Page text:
defined, it doesn't matter where the business goals of the product pivot toward, changes can be quickly made based on the new security classification by using preexisting models defined during initial threat modeling. Not bad, eh?
This is another thing we preach often in Information Security: Systems Development Life Cycle integration! Security is not some separate and enigmatic exercise carried on by wizards, despite the fact that some of us in this industry would like everyone to believe such a thing. Actually, security is simply good engineering! Why? The more steps that are taken to ensure security, the less an unexpected action may occur due to an adversary (or simply an accident).
In other words, solid engineering clearly defines the behavior of a product or service, and restricts that behavior to a predefined set, even if the behavior is an exception or anomaly. Security simply integrates the idea that an adversary may try to take advantage of anomalous behavior in a manner that benefits the adversary. By augmenting the SDLC, engineers no longer ask, "Why would someone ever interact with our product in that way?" Instead, they ask, "How do we ensure a stable working environment if someone attempts to interact with our product in this way?" This simple "thought inversion" can save a company hundreds of thousands of dollars in engineering costs when a critical vulnerability is found, and potentially millions in revenues.
In 2012, when I initially executed my DARPA Cyber Fast Track project, the Internet of Things could be broken up into several seemingly disparate models based on verticals in embedded industries. At the end of the year, I noticed a very obvious trend: The embedded/IoT models were collapsing into a single vertical. While there are multiple verticals from a business perspective, there were no longer multiple verticals from a component perspective.
Since everyone was essentially using the same model across all verticals to design and deploy Internet of Things technology, a framework became almost too simple. But, there are a lot of unexpected issues with IoT security frameworks. This is not because frameworks or IoT technologies hold bizarre surprises hidden under PCB boards (although some manufactured in certain countries might). It’s because the deployment environments for embedded/IoT devices bring unexpected attacks that you would not otherwise see in server or desktop environments.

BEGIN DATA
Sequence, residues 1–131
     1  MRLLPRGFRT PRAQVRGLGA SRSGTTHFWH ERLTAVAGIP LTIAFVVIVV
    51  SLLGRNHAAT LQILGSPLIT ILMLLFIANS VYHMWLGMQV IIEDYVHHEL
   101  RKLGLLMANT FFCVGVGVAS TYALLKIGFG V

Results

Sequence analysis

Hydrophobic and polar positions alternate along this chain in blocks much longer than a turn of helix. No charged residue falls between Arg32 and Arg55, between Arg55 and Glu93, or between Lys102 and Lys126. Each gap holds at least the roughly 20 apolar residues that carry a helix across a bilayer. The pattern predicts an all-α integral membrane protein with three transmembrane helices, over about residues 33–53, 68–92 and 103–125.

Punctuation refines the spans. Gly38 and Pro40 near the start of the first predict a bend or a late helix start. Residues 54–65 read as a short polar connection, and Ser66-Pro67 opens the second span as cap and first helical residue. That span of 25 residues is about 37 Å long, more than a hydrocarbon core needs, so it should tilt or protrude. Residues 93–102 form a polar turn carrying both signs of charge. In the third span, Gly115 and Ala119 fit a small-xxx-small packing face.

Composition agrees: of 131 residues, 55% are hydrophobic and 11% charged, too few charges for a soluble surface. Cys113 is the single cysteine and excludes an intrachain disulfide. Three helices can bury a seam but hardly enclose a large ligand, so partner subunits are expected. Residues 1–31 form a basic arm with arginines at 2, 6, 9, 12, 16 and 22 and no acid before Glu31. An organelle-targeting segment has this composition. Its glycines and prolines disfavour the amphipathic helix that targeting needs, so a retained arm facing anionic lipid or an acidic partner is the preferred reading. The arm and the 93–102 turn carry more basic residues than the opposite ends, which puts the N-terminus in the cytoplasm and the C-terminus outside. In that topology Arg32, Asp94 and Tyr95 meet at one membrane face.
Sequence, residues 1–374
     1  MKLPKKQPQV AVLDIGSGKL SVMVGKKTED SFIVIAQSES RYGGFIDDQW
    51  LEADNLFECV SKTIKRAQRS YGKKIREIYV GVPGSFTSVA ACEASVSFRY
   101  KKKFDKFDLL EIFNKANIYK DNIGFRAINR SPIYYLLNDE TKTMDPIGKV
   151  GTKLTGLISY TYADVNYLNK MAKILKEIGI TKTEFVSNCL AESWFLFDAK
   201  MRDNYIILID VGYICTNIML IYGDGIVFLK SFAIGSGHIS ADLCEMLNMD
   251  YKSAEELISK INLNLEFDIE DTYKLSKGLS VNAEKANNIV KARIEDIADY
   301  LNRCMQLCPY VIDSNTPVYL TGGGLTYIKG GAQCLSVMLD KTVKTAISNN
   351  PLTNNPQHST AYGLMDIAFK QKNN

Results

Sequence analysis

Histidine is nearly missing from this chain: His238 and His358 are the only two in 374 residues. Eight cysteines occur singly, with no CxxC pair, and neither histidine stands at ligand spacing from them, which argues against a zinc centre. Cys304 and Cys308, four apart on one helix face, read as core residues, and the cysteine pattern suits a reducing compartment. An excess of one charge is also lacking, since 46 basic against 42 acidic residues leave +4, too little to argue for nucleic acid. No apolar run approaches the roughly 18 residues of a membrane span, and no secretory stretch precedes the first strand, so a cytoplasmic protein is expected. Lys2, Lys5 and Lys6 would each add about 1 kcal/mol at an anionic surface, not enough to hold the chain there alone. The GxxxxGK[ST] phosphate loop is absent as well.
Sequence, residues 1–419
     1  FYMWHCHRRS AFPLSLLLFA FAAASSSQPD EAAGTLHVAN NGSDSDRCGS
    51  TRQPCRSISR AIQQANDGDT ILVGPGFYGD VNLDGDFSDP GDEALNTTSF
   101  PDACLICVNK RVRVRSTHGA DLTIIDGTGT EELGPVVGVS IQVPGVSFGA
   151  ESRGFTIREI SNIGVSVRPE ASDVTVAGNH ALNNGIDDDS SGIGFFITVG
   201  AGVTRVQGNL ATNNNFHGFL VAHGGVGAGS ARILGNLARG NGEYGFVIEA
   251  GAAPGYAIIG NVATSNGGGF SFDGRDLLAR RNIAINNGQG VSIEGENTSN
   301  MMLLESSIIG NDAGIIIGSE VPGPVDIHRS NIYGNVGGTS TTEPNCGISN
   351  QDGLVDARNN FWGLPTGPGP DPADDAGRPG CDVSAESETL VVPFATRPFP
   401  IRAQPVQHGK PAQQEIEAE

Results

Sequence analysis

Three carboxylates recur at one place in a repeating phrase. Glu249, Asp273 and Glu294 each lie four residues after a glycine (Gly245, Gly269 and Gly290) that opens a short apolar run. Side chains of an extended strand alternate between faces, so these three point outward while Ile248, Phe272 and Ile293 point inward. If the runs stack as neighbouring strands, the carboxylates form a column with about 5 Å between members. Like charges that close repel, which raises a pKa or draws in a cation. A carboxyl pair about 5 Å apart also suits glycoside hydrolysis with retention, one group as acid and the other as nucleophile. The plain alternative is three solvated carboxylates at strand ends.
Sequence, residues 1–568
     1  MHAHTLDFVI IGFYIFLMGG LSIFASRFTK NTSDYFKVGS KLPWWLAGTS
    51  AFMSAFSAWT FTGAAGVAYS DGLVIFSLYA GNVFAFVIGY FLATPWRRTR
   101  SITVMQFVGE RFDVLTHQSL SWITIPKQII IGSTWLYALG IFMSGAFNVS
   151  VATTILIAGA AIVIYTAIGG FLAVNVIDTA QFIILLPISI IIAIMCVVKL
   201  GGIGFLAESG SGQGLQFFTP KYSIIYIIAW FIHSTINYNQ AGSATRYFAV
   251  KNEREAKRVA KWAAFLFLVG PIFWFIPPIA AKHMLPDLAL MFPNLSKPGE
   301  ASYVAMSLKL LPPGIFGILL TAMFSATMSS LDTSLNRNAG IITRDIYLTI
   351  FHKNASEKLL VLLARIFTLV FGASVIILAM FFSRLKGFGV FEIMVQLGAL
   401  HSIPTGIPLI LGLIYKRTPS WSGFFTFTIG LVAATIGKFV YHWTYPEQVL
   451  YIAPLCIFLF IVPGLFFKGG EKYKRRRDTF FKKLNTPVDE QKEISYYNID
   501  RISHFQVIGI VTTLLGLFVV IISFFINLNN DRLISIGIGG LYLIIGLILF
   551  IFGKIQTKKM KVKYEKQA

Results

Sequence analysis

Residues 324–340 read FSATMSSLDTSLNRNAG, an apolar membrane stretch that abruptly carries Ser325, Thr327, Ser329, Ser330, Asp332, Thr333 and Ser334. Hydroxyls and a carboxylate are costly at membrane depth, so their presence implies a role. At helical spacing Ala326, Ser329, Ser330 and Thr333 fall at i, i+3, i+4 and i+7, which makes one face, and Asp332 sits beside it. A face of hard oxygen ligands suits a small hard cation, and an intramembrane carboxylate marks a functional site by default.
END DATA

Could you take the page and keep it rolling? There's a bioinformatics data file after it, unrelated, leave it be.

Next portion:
Over the next few weeks, I will be releasing some of these frameworks on the Lab Mouse Security website. If you would like to contribute to these frameworks, please reach out to me on the Lab Mouse site, or through this blog post. I am looking for reviewers and contributors to ensure that the language and format are usable for all readers, regardless of their technical expertise.
Not all of us are interested in safety and security. That sucks, but it's an unfortunate fact of life. Knights, we're not, but even we unsettling imperfect souls sitting in that conference room at Black Hat understand the need for enforcement of security policy. This means architecting security through organizations that can punish entities that refuse to comply. We have the Federal Communications Commission, why not the International Security Commission? Oh, wait, we already have other organizations with the acronym "ISC" and they haven't worked out great for us ... Hmm, we'll have to work on that name.
Regardless, enforcement is an imperative. Perhaps the most important point brought up at the round table. Those of us who care will beat down the doors of decision makers at our companies to build budgets for threat modeling and security integration. Those who don't care won’t lift a finger. We can talk all day about frameworks, models, threats, actors, and more, and it will do the same good it has done us every fiscal quarter since Heartland Payment Systems was compromised: no good at all.
Now that the Internet of Things is fast becoming the most game-changing concept in Internet history, a change must be made. We must come together to help build the next generation of the Internet, to ensure it isn't sagging its jeans at the mall, or getting tattoos in languages it doesn't actually read. If you want to participate in this effort, please reach out to Lab Mouse Security.
The Information Security industry needs a team of technologically skilled individuals and public speakers who are willing to build a new security foundation for the next generation of the Internet. Together, we can make that happen without the rhetoric and hyperbole that sidelines what is a conversation that needs to happen yesterday. Don't let another organization speak for you, let's speak together.
The Internet of Things isn't about a small group of people gaining notoriety. It’s about technology that will change the way our society interacts not only with itself, but with the world around it.